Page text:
For The Love of Autism: A Realistic Story on “Love”

Generally, in the past, the common elements of inspiration from parent to child have been the eventual life of a home, a job, and a spouse. Now, as I mentioned in my first post, just telling someone on the spectrum to “get a job” isn’t as easy as it seems. A home could be possible with two incomes, , but having two incomes would require both participants to have jobs first. A later blog post may also offer other potential challenges about the “home” situation, like a transitional period where you may have to have roommates. And that brings us to the wife situation.

I remember reading somewhere that 10% of all autistic adults are married, which shocked me, somewhat. First reading about the employment statistics, and now this!? Hell, if you were an autistic adult, having a full-time job, which is a lot less common than those employed with autism who work part-time, and being a husband, or wife, would already make you sort of an outlier according to all of these statistics. Even the Natural Variation – Autism Blog, which champions neurodiversity, has put out statistics that show that 33% of autistic individuals, in general, are married, while 7% are divorced/separated/widowed, which means that 40% of all autistic adults have been married in their lives. While, according to the comparable statistics, the divorce rate is higher for neurotypicals,, it still counts that 76% of neurotypicals HAVE been married at some point in their lives, so what gives?

But you didn’t come here just to get statistics, graphs and models on the subject of autistic marriage, right? You came here to see if your new friend could give some “insights” on the subject.

I’ve lived on this Earth for over 30 years. And through those 30 years, I’ve never been married, in fact I’ve never been in a relationship before. And it is not that I don’t want one, I am dying for the kind of relationship that I would like. A beautiful woman, who would make me feel young, who doesn’t have the same eccentricities that I have, except for one or two, and who can tolerate my mind. I may not feel depressed again as long as she is with me. Wouldn’t it be so easy to find one?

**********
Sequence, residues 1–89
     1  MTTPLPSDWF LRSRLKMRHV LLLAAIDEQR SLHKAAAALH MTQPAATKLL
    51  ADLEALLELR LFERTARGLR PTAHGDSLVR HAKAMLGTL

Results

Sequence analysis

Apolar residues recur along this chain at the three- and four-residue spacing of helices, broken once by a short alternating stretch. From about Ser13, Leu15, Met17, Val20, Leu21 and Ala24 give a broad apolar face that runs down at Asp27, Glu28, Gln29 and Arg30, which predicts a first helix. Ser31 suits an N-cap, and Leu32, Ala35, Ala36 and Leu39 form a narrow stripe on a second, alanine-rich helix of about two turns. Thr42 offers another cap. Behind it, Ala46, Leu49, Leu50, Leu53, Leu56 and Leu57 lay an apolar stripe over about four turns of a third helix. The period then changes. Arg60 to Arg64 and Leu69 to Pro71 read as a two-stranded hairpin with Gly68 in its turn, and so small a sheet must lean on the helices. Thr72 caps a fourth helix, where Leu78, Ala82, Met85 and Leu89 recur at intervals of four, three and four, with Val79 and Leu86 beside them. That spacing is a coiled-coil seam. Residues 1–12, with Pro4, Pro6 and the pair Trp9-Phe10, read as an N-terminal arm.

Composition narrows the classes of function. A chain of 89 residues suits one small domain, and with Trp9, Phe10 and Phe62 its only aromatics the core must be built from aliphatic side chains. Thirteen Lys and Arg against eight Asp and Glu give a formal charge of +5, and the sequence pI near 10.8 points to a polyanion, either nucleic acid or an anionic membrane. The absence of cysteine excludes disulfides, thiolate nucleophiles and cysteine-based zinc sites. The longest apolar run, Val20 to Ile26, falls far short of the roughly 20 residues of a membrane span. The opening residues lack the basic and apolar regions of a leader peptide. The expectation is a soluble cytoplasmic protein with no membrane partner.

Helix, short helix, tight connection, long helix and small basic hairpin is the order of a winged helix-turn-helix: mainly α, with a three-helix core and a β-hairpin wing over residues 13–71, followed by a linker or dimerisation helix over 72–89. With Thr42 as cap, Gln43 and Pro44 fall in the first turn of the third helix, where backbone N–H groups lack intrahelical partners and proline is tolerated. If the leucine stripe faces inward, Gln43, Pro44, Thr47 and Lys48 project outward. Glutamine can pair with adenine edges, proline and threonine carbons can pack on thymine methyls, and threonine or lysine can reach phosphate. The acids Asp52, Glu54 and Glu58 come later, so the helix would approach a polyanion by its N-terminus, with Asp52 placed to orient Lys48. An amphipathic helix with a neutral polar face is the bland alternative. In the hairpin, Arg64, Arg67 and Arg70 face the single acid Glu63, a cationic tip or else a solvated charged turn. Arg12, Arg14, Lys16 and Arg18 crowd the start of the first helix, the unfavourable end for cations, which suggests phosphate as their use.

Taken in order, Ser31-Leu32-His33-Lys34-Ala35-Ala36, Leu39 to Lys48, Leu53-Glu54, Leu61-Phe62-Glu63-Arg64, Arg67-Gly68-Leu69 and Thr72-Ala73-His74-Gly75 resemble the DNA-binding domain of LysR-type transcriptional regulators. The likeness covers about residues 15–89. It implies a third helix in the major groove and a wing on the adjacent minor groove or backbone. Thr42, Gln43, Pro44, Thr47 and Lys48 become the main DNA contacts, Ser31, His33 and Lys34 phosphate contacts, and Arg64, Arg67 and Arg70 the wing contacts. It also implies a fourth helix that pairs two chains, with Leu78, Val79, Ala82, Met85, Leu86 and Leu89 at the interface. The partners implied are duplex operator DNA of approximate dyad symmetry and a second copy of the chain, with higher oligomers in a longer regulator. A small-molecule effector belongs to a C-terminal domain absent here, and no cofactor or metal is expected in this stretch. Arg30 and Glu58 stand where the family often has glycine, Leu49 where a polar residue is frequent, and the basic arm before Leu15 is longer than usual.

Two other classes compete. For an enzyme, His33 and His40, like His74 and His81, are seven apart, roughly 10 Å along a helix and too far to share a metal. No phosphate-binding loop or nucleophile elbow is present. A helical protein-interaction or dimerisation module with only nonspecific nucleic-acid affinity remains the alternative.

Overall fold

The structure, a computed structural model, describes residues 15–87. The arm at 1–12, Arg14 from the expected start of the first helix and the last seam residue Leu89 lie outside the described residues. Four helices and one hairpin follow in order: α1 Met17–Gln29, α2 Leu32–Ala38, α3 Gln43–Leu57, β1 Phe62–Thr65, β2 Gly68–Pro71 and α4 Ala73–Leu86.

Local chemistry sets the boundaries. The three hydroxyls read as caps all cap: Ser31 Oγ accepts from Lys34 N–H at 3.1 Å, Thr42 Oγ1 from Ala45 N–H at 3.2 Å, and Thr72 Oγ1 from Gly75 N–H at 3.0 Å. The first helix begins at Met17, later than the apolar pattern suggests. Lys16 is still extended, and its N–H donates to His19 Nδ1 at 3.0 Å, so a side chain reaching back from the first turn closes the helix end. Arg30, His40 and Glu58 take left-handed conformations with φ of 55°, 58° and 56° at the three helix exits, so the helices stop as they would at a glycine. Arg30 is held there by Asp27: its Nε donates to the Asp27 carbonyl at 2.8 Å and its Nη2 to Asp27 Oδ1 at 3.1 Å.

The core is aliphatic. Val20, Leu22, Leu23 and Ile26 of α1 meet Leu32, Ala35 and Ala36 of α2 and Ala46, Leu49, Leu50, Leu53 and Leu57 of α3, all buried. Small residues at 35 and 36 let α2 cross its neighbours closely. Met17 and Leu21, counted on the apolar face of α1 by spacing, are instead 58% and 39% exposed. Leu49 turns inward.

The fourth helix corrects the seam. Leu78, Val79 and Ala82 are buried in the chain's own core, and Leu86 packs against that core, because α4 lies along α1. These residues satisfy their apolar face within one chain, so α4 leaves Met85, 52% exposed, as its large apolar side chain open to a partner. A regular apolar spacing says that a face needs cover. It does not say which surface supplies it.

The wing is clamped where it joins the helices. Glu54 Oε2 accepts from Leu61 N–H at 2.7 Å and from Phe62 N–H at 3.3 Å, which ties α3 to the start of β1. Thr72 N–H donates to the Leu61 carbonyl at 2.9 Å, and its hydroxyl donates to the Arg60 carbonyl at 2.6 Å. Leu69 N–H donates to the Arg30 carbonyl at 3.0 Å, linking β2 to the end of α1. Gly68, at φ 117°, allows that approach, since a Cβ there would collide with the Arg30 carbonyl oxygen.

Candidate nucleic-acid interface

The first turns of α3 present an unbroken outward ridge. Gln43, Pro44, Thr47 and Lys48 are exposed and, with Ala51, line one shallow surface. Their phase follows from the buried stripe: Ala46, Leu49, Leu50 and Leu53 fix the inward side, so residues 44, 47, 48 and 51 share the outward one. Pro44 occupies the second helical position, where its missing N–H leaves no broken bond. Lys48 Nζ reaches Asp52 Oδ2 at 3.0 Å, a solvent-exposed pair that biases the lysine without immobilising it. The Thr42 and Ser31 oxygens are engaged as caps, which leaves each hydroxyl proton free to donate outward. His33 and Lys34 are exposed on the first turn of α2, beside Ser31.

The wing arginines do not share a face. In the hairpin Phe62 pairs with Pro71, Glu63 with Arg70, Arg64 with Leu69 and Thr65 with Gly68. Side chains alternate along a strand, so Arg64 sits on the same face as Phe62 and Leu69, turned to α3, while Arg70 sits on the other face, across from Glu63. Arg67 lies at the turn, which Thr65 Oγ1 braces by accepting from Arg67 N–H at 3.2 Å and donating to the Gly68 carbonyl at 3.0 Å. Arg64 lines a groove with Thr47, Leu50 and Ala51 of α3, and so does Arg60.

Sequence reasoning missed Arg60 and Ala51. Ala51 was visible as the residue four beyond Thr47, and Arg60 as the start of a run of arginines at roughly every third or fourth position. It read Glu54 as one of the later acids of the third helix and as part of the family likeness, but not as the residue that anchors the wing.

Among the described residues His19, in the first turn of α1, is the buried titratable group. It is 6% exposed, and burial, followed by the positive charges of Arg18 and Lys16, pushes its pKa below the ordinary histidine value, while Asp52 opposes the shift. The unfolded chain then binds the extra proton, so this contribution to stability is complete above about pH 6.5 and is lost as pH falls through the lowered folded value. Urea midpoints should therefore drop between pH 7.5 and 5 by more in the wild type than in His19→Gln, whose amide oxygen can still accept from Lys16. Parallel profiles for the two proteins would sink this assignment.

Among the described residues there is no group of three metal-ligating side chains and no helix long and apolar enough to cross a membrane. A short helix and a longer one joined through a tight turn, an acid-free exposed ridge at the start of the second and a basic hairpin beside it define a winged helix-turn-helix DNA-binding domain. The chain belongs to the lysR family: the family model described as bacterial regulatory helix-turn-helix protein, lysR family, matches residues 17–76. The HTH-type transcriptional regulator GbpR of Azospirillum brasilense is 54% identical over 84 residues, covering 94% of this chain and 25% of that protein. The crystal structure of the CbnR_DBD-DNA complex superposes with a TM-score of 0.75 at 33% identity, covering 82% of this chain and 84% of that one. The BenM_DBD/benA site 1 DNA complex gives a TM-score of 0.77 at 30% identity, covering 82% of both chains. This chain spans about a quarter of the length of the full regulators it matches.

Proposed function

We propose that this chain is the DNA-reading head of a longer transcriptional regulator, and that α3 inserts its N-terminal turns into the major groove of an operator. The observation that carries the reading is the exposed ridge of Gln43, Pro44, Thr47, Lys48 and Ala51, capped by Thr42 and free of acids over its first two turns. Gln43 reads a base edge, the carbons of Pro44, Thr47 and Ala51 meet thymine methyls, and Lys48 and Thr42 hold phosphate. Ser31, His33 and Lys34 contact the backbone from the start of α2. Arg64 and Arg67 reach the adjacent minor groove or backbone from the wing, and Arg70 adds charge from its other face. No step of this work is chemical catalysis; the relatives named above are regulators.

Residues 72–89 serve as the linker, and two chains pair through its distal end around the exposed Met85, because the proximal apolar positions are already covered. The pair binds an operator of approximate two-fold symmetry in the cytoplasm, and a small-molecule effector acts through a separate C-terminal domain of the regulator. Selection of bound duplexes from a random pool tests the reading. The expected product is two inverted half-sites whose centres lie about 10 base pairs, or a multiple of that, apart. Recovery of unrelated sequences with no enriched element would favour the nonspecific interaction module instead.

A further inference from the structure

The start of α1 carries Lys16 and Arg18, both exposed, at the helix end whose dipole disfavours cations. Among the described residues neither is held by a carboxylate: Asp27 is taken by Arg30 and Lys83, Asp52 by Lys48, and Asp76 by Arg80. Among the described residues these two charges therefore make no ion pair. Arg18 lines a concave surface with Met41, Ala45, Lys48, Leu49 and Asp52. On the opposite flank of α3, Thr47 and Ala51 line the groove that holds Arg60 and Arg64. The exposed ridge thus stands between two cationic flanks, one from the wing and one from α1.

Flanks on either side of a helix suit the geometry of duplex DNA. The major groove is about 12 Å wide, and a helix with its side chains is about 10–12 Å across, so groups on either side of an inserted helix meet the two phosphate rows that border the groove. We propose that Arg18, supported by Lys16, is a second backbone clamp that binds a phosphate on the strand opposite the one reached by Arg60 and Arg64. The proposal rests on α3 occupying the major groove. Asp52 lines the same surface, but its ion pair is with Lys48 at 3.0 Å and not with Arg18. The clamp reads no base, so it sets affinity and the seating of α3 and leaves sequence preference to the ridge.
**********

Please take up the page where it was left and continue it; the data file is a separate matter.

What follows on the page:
Well, one of my educated guesses on why the statistic is the way it is may not be completely about incompatible social communication, but it is about one word: shyness.

It has usually been that I am not completely in love to talk to people who I don’t know, sometimes, though I do have a strong desire to open up to people, perhaps stronger than many neurotypicals do. It has also not been in my favor, that the girls, and women, that I’ve wanted over the years were completely unattainable to me, since I am overweight and don’t feel attractive. It has been so difficult walking the world alone, thinking that a miracle could happen, I guess now I know how a monk feels.

For example, for my Middle School’s farewell dance, there was a girl there who I really wanted to go out with, and I had this temptation to dance with her. Unfortunately I couldn’t even ask her myself, so I sent my best friend at the time as sort of a messenger to relay our messages back to each other. Eventually after a disembodied conversation, that same girl told me that she wasn’t “ready yet”.

But, to me, the opposite gender, especially the neurotypical types, are still not completely blameless in this field. I don’t know who came up with the rules of romantic engagement and initiation, it seems like an instinctual rule that has been passed down since the beginning of time, but this one rule makes my shyness even worse. What rule am I talking about? That the man has to initiate a conversation. Many autistic individuals who have desires for romantic relationships may be very shy. They may feel a sense of nervousness and anxiety, due to any feeling of undesired social awkwardness on their parts. What that rule does is it privileges the playboy over the geek, the madman over the quiet genius, and it really should end. Now, not all women are like this, nor are all assertive guys like it either, but we live in the 21st century and all old unwritten rules should be updated for these contemporary times.